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Developing Trends
Developing Trends
Developing Trends
Developing Trends
Developing Trends
Developing Trends
Developing Trends
Developing Trends
Developing Trends
Developing Trends
Developing Trends
Developing Trends
Developing Trends
Developing Trends
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Developing Trends

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  • 1. Developing Trends Oxus Research & Investments Vol. 4, No.3&4 June 10, 2000 Whither Indian Stock Market? Towards 6000 by March 2001 The Sensex closed yesterday at 4730. There is But has India not opened up to the world, and considerable talk of a worldwide bear market has not the world become more global ? Yes in stocks having begun, and how India can and yes. But stock markets often dance to but not escape it. We disagree. Indeed, while their own domestic piper, and as the above not commenting on either the US or the numbers reveal, there is precious little world bear market (not that we don’t think medium or long-term correlation between that it is going to happen, but rather because India and the US. The US, indeed all world- we have not studied the issue in detail), we wide markets, have been in a bull trend in the conclude that the Indian stock market is more nineties. Excepting for a hiatus in 1998 in likely than not going to trend upwards; our East Asia. There are two exceptions to the target for March 2001 is between 5800 and global bull. The bear in Japan and the stagnant 6200 on the Sensex, or a 27 percent gain from still waters of India. The long road to present levels. This special double issue of nowhere ended in mid –1999 when the Developing Trends (DT) discusses why. Sensex crossed 4800 for the first time. So the comparison of India with the US is between a But first, some history, and some differences bull and a hedgehog; between someone who between India and the Dow, and now rages on and someone who goes nowhere. everybody’s beacon?, NASDAQ. Over the last five and a half years, the Dow has rallied But that, at least according to Oxus, was a bad by 177 percent, the NASDAQ by 415. The dream. It’s over and the Indian Shiva Bull is Sensex has gained only 20 percent since end likely to give most markets a run for their 1994! But maybe the choice of the beginning money. So what Indian fundamentals suggest year is in error. Let us choose end 1997, some a bucking of the emerging conventional three years after the birth of the ICE wisdom defined global bear market? The last (Information, Communication and issue of DT entitled Start of India’s Decade gave Entertainment) age. The Dow is up 34 reasons why the Indian economy will excel, percent, NASDAQ up 147 and the Sensex up both absolutely and relatively, over the next 29 percent. 10 years. This DT is about a more difficult subject – but how much precedence is there It is likely that there is a reasonably strong for an economy which changes course, is a short-term correlation between the US and leading participant in a new (ICE) technology, European, Asian and Indian stock markets. and its markets remain in still waters? That is Translate into the long-term (six months and like expecting Ford prices not to accelerate beyond) and the correlation considerably once cars were introduced; or expecting weakens, and the weakening is the smallest for Boeing not to take-off after World War II. Europe and the highest for India. What the Oxus would bet on history repeating itself, a above data suggest is that there is almost a worldwide, or US, bear market zero correlation (if not negative) between the notwithstanding. movements of US and Indian stock markets. 1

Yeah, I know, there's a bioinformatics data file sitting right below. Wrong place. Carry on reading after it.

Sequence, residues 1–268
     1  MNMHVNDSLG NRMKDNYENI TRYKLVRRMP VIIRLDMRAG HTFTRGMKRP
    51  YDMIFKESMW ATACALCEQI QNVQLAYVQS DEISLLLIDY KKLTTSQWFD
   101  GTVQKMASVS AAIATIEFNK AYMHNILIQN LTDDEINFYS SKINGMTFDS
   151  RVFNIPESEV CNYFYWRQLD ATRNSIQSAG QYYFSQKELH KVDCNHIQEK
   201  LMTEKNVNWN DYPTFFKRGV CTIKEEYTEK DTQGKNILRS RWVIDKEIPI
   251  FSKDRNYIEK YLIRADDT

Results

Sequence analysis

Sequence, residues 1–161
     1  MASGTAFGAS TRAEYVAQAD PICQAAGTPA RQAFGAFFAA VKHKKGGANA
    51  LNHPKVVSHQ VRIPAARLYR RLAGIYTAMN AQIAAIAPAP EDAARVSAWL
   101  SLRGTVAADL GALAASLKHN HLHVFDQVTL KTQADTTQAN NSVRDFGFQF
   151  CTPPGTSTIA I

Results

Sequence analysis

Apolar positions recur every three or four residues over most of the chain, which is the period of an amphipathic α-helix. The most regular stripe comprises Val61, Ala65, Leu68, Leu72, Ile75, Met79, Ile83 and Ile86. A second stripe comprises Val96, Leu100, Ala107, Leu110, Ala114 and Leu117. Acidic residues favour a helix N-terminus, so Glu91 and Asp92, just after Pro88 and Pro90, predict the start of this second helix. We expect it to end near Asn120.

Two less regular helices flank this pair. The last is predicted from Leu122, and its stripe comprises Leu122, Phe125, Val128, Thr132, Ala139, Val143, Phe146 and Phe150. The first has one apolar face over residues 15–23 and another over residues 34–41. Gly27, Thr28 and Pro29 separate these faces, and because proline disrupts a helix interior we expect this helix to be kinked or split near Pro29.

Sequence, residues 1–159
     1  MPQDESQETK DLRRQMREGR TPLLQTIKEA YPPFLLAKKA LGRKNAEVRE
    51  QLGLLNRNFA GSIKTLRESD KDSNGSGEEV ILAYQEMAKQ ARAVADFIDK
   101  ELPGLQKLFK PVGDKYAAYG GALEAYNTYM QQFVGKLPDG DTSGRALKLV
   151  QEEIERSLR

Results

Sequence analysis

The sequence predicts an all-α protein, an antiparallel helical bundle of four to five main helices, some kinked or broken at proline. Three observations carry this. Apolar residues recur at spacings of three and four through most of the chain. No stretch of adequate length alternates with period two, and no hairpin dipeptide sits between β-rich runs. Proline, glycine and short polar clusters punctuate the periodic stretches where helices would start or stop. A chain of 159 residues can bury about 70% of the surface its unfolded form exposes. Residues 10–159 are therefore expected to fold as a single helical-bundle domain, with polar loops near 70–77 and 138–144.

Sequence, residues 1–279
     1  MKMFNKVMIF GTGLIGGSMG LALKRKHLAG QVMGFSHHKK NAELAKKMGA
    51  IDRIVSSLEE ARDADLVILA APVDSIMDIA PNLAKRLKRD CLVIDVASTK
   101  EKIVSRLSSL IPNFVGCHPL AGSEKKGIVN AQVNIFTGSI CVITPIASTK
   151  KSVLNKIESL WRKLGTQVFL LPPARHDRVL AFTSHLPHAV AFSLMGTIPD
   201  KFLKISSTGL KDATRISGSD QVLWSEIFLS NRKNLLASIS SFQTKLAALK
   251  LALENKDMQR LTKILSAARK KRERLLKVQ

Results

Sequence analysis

• 2. Developing Trends The conventional wisdom today is that the Indian that have yet to reach the promised land – in terms stock market is integrated into the world economy, of positive earnings, at least. There is not a single and hence will be buffeted, and influenced, by the publicly listed dotcom in India, let alone among the policies of the US Federal Reserve and the representative 30 firms in the Sensex. Further, the fortunes of NASDAQ. This wisdom is wrong on Indian ICE (Information, Communication and at least three counts. First, that Indian interest Entertainment) firms have been showing returns rates follow global trends. If only it were true. As in excess of 50 percent for each of the last five we had documented in the earlier DT, real interest years! Because of India’s strong comparative rates in India are the highest in the world, and this advantage in this sector, and the fact that has been the case for the last three years. Interest government policy, including the all important rates in India are administered by not the Central interest rate policy, has relatively little impact, a Bank (though that would be bad) but by the safe forecast is that NASDAQ and Government Ministry of Finance! These mandarins have made of India (GoI) notwithstanding, ICE will continue it possible for savings deposit rates to yield about 7 to melt. And the inevitable meltdown has already to 9 percent in real terms. You can do the happened as most ICE stocks are trading at about calculations as to what the real lending rate is. You one-third their peaks in Feburary-March 2000. can also forecast what this will do to equity prices (both issues discussed in this report). If you do So hold on to ICE and buy non-ICE in India; both these relatively trivial calculations, you will where else will you see earnings growth of above realize that what Mr. Greenspan decides does not 25 percent per year and a PE less than 20 ? Or a amount to “a hill of beans” for the Indian PE less than 10 for most non-ICE stocks. This is economy, or the stock market. crazy, and it is unlikely to last very long. The second reason for skepticism about the simple So we at OXUS are sticking our neck out. We also “India is the same” model is that the exchange realize that the market has rallied about 25 percent rate is managed, controlled. We are not passing of f its lows in just the last three weeks. But we are any judgement as to whether this control has been not making a short-term forecast. Corrections do effective, and whether it has proved “productive”. happen – it is part of human nature. But we are In recent years, the exchange rate has been well making a forecast for March 2001 – the Sensex managed. But the fact that the warden is a kind- will be close to its all-time high of 6150. How do hearted gentleman is little comfort to the citizen we reach this figure – read the rest of this special whose economic freedom has been taken away. In issue of Developing Trends. the next issue of Developing Trends, we will examine what needs to be done with Indian foreign The Table below shows both the actual, and exchange management. As a teaser for the results, Oxus’s fair value of the Sensex for the last six our conclusion is that there is very good reason for years. Also shown is the “gap”, the systematic the Indian rupee to stay firm over the forseeable underperformance of the Indian stock market. The future. Since it is a managed exchange rate, this introduction of ICE has increased the under- forecast may be proven wrong. But the valuation; from being around 20 percent, the fundamentals are in favor of the rupee. Indian market is now trading about 35 percent less than fair value. This value is 7745 for March 2001; The third reason why the NASDAQ-Sensex under-performance of 20 to 25 percent gives a correlation is very weak is because NASDAQ reasonable range of 5800-6200 for March 2001. valuations are for firms including several dotcoms Year Sensex Under Valuation Actual Oxus Fair Value (%) 1995 3261 3693 -12 1996 3367 3956 -15 1997 3361 4315 -22 1998 3893 4945 -21 1999 3740 7058 -47 2000 5001 7703 -35 2001 6000? 7745 -20 to -25 ? Source: Oxus Research Database 2